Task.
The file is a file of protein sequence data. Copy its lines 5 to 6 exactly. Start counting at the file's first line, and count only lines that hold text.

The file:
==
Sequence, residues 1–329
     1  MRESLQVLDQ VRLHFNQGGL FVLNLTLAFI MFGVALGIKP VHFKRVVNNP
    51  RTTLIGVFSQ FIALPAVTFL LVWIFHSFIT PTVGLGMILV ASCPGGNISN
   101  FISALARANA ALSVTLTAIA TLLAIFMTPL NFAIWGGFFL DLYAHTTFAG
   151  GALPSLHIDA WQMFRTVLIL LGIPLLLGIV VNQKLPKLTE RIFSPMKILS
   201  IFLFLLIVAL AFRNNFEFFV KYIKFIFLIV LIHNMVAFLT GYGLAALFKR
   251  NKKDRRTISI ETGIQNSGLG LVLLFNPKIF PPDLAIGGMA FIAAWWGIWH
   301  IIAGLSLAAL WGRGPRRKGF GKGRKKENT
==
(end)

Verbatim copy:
   151  GALPSLHIDA WQMFRTVLIL LGIPLLLGIV VNQKLPKLTE RIFSPMKILS
   201  IFLFLLIVAL AFRNNFEFFV KYIKFIFLIV LIHNMVAFLT GYGLAALFKR